15 May How Can I Heal From Family Issues in Recovery?
The causes of addiction can vary greatly. Everyone has their own story behind what led them to their addiction. Some people turn to addictive substances to try to cope with mental health conditions such as bipolar disorder, depression, or anxiety. Other causes can include genetics, issues with gender identity, or a history of family trauma.
Family trauma is often an underlying cause of addiction. The roots of family trauma can run deep, which is why speaking with a mental health professional about it is so important. Finding support, exploring emotions, learning new skills, and taking the right steps to forgive oneself and others can open up new doors to peace and healing.
Family Trauma Linked With Addiction
An article in the journal Depression and Anxiety states that exposure to traumatic events, such as a negative childhood upbringing, has been linked to substance use disorder (SUD). SUD is also known to be highly correlated with post-traumatic stress disorder (PTSD) and co-occurring psychiatric conditions.
As stated in the journal article, trauma such as sexual abuse, physical abuse, or neglect is extremely common. These are major health concerns in the United States. Although many people who have been exposed to childhood trauma live successful lives and are mentally stable, ample evidence shows that early exposure to family trauma significantly increases the risk for various mental health conditions in adulthood.
According to the aforementioned Depression and Anxiety report, approximately 70% of adolescents who were receiving addiction treatment for SUD had a history of family trauma. Childhood trauma can negatively affect a person’s neural structure and cognitive function. This makes an individual more susceptible to cognitive deficits and co-occurring psychiatric disorders such as schizophrenia, bipolar disorder, and major depression.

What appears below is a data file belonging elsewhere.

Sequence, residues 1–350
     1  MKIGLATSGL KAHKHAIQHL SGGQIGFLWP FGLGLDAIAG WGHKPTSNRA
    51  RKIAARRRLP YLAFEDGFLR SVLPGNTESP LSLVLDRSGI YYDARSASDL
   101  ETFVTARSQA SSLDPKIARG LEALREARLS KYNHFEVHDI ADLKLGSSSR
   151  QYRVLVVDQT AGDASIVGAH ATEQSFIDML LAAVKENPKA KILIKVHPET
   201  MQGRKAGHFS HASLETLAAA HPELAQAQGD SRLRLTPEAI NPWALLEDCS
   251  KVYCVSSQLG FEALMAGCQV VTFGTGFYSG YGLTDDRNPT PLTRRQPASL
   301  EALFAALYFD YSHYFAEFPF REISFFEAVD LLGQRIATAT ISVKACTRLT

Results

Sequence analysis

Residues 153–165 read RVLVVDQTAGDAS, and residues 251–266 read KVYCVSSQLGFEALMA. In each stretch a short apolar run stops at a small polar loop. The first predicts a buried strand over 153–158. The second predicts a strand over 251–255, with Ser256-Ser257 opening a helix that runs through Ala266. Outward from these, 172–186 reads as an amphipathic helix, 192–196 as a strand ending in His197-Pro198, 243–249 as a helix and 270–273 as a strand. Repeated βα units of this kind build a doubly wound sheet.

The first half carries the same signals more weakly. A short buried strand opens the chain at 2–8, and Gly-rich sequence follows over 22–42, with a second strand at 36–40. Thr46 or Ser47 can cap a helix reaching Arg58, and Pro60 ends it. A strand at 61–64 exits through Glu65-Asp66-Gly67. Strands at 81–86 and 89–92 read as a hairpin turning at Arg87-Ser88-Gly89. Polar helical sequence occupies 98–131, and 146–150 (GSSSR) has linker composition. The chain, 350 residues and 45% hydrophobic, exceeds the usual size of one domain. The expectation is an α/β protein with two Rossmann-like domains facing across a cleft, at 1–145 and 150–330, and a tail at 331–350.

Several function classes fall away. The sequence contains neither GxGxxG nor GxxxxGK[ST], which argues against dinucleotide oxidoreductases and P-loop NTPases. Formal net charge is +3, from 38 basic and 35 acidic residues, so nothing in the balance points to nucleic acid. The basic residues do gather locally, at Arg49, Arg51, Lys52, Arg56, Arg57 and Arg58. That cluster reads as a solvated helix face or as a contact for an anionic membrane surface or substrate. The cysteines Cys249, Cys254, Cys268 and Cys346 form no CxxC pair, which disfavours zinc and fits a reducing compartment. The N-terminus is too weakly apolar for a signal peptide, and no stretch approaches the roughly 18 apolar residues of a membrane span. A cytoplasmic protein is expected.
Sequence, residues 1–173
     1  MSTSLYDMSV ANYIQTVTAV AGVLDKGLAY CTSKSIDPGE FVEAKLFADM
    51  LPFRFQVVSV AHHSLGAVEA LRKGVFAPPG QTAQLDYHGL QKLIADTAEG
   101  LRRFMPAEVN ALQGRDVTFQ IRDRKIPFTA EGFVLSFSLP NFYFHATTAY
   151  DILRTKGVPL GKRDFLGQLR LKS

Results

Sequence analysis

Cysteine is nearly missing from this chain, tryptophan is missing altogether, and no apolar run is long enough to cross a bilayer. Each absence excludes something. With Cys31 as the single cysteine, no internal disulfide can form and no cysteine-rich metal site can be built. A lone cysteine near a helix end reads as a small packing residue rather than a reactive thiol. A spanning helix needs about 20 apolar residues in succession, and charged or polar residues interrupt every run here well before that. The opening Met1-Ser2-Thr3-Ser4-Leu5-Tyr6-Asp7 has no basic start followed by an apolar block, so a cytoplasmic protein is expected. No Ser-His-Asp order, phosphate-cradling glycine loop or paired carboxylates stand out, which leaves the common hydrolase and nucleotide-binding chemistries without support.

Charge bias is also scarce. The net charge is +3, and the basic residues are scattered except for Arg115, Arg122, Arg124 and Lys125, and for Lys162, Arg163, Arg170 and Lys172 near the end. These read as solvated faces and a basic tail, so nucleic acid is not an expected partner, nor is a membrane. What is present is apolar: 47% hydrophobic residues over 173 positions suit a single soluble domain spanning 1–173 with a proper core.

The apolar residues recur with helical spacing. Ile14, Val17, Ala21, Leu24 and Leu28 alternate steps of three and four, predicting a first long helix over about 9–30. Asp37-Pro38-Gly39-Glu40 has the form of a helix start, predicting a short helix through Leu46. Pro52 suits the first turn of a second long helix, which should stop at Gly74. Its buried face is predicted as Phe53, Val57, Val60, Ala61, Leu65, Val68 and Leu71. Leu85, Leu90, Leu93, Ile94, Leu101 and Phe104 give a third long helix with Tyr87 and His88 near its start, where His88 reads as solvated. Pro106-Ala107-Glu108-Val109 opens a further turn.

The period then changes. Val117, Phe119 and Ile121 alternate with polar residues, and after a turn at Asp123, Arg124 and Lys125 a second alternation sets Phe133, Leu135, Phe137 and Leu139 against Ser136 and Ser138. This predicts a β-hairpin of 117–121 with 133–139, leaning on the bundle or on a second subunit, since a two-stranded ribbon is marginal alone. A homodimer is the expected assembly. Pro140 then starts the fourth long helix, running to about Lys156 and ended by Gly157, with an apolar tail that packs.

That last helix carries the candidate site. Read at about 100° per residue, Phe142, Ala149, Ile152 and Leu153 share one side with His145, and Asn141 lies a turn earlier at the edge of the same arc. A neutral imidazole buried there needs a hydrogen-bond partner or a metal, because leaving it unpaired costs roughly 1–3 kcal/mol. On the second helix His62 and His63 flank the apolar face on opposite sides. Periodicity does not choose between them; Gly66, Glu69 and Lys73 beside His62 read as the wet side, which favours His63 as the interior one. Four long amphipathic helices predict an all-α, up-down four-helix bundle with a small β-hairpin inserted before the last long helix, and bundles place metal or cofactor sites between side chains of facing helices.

Healing From Family Problems
Moving forward from family trauma while in recovery can be a difficult process. First, an individual has to recognize the problem. Only then can they begin to treat the mental health symptoms caused by early exposure to trauma.
As stated by the Substance Abuse and Mental Health Services Administration (SAMHSA), the onset of childhood trauma may occur when dangerous events disrupt a child’s ability to function.
These events may include exposure to:
- Physical, psychological, sexual abuse or neglect
- Terrorism, natural disasters, or community violence
- Witnessing violence between intimate partners
- Serious accidents
- Life-threatening health conditions
- Violent loss of a loved one
- Refugee experiences
- Parental military deployment, injury, or loss
Steps to Forgiveness
A major part of any successful healing process is practicing the power of forgiveness. Forgiving oneself and others provides major mental health benefits. Learning to forgive can significantly decrease symptoms associated with specific mental health disorders. Forgiveness can also greatly increase a person’s self-esteem and allow them to live a better quality of life.
According to the U.S. Department of Veterans Affairs, choosing to forgive has to come from within. No one else can make that decision for a person. It may take time to reclaim the stages in life that were negatively affected. Part of moving past trauma is facing the remembrance of certain events. That can be very painful.
Phases of forgiveness can consist of:
- Uncovering: Reflecting on the past and discussing how it hurt them
- Decision: Understanding how holding a grudge has cost them and exploring the benefits of forgiveness and committing to treatment
- Effort: Working to gain a deeper understanding of themselves, the offender, and the relationship or cause behind the event
- Deepening: Recognizing that they are not alone, as facing challenges with trauma is a problem for many people worldwide
Additional Support Options
Family trauma (and trauma in general) is often linked with addiction. Recognizing the symptoms caused by trauma, taking time to reflect on one’s history, and going through the phases of forgiveness toward oneself and others are essential parts of healing while in recovery.
This process is not always easy, but deciding to reach out to a mental healthcare professional can provide support in moving forward. Sometimes when a person is impacted by trauma, it can affect one’s ability to function in work settings, maintain healthy relationships, or even tackle day-to-day tasks. Depending on which professional a person decides to work with, they can develop an individualized treatment plan to learn the skills needed to overcome their struggle with mental health.
Everyone deals with trauma differently. Depending on a person’s condition, different kinds of therapy can help. In this case, family therapy may be a great choice. Group therapy with peers who have also experienced childhood trauma and addiction can be helpful. Individualized therapy can give a person the ability to speak freely with a counselor or therapist. Most importantly, individual therapy allows for pure confidentiality. Then a person can open up without fear of judgment, criticism, or further damage. Any of these options are wonderful ways to heal from family trauma and move forward into a better life.